Expanding Fiber to Neighborhoods and Beyond?

At a City Council & BPW Board joint study session Wednesday, after giving an update on the downtown project, BPW staff presented possible ways to expand fiber to other parts of the city! I know this is what many of you are waiting to hear about, so let’s dig in.

They showed four models for capital cost recovery (how to pay for it). The single biggest hurdle to fiber is the initial installation cost. These models are different ways BPW can cover the initial costs either up-front or over time.

Model 1: Up-front contribution in aid of construction

In this model, a neighborhood association (or similar entity) would pay construction costs and BPW would build to the neighborhood. After the initial construction, BPW would cover all maintenance and upgrade costs.

Model 2: Partial up-front with credit assurance

Similar to Model 1, but with less money up-front and the addition of a credit instrument in case revenues (and customers) are below expectations. If customer numbers are high enough, the credit isn’t used. This would most likely be used by housing developers in a new development.

Model 3: Demand Aggregation

BPW would define a geographic area and try to get commitments from residents. When enough customers signed up, they’d build to that area. This would likely be the model used in the City.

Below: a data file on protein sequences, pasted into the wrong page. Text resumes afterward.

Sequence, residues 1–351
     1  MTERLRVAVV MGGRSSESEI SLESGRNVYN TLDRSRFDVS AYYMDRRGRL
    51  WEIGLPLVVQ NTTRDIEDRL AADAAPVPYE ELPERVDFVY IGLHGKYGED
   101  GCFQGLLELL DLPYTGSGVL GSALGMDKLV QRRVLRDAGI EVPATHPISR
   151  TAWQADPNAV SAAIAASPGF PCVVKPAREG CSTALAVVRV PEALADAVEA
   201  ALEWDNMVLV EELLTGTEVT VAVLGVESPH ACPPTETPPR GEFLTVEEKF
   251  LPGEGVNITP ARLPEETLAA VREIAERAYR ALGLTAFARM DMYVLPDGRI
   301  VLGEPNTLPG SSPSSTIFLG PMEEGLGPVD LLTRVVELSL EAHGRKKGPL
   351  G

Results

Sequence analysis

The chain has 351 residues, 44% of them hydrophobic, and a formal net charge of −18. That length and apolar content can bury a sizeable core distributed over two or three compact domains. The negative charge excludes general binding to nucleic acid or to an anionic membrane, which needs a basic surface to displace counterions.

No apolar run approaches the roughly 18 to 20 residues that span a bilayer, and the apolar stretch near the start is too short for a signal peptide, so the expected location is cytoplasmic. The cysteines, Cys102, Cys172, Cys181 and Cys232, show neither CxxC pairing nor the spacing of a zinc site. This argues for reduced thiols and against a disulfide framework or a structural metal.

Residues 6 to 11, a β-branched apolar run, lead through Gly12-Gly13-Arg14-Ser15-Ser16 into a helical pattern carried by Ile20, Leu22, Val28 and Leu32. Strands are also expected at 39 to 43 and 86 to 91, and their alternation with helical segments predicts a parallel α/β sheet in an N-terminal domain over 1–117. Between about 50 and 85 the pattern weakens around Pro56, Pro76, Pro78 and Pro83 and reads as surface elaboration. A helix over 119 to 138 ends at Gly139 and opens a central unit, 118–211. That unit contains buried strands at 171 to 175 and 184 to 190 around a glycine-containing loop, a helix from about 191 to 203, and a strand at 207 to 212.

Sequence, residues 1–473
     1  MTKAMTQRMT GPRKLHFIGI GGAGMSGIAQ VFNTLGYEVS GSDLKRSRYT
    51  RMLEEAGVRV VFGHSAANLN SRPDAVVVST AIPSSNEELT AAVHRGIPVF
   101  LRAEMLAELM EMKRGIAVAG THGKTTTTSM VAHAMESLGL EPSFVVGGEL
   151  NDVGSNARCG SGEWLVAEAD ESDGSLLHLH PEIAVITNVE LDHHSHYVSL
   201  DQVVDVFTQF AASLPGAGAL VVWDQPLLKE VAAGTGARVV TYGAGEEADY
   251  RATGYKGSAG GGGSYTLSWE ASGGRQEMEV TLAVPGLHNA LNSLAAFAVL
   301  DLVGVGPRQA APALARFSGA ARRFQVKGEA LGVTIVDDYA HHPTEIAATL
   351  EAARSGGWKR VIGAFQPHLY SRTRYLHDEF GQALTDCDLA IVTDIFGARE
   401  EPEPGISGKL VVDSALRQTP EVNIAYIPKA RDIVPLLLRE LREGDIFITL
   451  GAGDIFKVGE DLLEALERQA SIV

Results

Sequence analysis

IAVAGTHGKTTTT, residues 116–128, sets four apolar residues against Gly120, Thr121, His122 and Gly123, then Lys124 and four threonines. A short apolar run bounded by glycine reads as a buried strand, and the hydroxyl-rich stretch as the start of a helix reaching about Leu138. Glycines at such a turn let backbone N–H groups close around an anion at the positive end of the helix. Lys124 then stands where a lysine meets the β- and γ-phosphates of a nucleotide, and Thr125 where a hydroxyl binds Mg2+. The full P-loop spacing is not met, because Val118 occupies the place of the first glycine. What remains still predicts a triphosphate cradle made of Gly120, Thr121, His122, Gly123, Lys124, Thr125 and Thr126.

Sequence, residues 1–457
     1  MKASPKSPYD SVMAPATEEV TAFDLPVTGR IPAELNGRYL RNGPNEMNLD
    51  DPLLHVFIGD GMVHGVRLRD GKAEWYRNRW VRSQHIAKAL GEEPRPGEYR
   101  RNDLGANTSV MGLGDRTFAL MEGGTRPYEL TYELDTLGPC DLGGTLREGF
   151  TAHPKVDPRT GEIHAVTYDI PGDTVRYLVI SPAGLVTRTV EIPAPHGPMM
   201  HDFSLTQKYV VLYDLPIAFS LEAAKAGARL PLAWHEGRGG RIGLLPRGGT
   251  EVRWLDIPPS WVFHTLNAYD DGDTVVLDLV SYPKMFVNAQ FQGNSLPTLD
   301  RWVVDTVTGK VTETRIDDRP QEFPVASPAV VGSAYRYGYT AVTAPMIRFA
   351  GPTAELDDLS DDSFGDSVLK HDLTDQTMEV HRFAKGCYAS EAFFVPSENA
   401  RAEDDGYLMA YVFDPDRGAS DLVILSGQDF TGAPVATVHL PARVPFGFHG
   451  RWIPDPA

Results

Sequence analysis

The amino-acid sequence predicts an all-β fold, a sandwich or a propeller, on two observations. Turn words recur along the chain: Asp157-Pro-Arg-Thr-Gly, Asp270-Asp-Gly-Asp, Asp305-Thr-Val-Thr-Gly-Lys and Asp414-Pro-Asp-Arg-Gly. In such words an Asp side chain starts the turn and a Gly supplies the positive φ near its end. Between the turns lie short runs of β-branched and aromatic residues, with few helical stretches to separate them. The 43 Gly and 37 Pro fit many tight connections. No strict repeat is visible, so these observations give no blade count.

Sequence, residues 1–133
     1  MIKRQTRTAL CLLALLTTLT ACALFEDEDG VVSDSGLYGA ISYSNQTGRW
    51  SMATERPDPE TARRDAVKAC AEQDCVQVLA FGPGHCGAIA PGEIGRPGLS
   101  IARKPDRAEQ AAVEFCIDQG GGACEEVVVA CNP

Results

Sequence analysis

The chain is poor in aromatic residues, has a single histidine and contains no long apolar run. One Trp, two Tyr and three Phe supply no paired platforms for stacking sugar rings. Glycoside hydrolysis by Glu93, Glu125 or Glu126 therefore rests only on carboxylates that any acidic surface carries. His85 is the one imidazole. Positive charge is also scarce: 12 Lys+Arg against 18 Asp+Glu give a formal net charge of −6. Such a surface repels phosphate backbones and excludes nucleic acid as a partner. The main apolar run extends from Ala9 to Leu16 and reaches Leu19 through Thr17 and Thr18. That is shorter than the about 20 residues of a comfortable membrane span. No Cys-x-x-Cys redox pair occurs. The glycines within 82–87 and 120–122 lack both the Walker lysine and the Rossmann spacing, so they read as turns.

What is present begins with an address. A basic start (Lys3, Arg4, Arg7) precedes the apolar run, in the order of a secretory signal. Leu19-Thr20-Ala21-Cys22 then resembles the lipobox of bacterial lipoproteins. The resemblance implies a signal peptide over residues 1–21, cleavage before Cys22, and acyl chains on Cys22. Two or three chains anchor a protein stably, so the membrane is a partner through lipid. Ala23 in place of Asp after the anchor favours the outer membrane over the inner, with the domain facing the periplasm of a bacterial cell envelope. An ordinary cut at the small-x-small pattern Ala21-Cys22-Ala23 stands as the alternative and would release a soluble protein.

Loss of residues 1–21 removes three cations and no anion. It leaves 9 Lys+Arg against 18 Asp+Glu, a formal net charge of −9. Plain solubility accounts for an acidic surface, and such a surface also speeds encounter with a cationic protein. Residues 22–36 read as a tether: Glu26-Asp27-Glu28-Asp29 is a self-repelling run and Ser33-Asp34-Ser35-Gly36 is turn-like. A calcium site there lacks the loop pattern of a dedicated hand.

This is effectively the model used for downtown. They defined an area and got customer commitments. For downtown, they started building before customer commitments because the risk was low.

Model 4: Binding commitment from single entity to pay over time

In this model, a taxing or special assessment authority would commit to paying for construction over time. This could be used by a township to build to all residents, or a special assessment district could be created (like we have for the library or airport).

This model could be used to cover the entire city too, but Model 3 seems more likely at this point.

So what’s next?

BPW staff plan to use any of these models where they make sense, and as demand arises.

Additionally, they plan two specific next steps:

Inside the City

BPW will divide up the city into geographic region. They’ll pick one and calculate construction costs. Then, evaluate models 3 and 4 for that area. They’ll bring their findings back to City Council and BPW’s Board in 2-3 months (by end of February) to consider next steps.

I have no inside scoop on which area of the city they’ll use to run the numbers, but if I were them, I’d look closely at people who have expressed interest on their downtown signup page. Even if you’re not in the downtown area, you can enter your address and BPW will keep track (see last slide of the presentation). They already had 325 people outside of downtown express interest. Let’s add some more!

Outside the City

BPW plans to take advantage of opportunities to use any model where it makes sense. I know through the grapevine that some housing developments have already expressed interest in getting BPW fiber, so BPW will be willing and able to move forward if it makes sense.

After many months of hoping, we’re now seeing real signs that BPW fiber can expand outside of downtown Holland. We’ll keep pushing to make it happen!

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